The Problem of Piecemeal Induction

Philosophy of Science 78 (5):864-874 (2011)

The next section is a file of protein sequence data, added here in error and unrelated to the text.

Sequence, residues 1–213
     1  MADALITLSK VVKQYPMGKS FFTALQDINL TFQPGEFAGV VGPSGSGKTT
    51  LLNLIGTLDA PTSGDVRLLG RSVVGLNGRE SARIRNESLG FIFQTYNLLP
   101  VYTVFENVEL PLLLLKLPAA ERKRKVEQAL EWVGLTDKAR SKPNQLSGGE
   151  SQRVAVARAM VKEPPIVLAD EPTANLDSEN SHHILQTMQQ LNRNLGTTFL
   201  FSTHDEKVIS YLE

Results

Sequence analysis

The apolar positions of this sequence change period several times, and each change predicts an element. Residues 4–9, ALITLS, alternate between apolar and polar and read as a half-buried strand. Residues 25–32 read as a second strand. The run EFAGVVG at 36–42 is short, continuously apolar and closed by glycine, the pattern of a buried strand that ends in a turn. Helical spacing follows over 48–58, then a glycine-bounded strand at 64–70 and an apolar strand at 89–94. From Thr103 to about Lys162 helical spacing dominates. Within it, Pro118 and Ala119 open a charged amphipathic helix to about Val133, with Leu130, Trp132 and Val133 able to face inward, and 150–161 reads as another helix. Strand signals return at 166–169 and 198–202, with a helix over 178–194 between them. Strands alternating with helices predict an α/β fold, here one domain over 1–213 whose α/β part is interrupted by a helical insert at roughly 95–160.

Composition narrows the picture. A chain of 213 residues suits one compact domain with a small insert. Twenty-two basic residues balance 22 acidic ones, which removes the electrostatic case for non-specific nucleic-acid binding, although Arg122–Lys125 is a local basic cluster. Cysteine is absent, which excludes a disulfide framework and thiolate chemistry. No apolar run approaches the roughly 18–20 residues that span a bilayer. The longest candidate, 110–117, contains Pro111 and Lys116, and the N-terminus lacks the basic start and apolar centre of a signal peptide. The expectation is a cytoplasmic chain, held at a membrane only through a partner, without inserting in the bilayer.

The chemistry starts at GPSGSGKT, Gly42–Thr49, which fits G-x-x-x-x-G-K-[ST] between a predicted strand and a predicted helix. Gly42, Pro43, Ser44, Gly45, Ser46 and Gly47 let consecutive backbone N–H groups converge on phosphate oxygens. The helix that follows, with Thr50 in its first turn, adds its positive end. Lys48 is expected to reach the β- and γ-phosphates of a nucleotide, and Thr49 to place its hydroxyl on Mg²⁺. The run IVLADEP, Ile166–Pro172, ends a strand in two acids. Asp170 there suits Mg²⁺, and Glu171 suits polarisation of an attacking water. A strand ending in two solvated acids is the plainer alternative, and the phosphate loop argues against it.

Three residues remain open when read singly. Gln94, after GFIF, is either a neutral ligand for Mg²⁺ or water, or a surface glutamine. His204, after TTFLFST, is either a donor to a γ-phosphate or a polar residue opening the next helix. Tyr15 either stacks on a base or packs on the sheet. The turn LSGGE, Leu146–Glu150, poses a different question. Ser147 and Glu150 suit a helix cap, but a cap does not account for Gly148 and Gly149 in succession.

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It is common to assume that the problem of induction arises only because of small sample sizes or unreliable data. In this paper, I argue that the piecemeal collection of data can also lead to underdetermination of theories by evidence, even if arbitrarily large amounts of completely reliable experimental and observational data are collected. Specifically, I focus on the construction of causal theories from the results of many studies (perhaps hundreds), including randomized controlled trials and observational studies, where the studies focus on overlapping, but not identical, sets of variables. Two theorems reveal that, for any collection of variables V, there exist fundamentally different causal theories over V that cannot be distinguished unless all variables are simultaneously measured. Underdetermination can result from piecemeal measurement, regardless of the quantity and quality of the data. Moreover, I generalize these results to show that, a priori, it is impossible to choose a series of small (in terms of number of variables) observational studies that will be most informative with respect to the causal theory describing the variables under investigation. This final result suggests that scientific institutions may need to play a larger role in coordinating differing research programs during inquiry.
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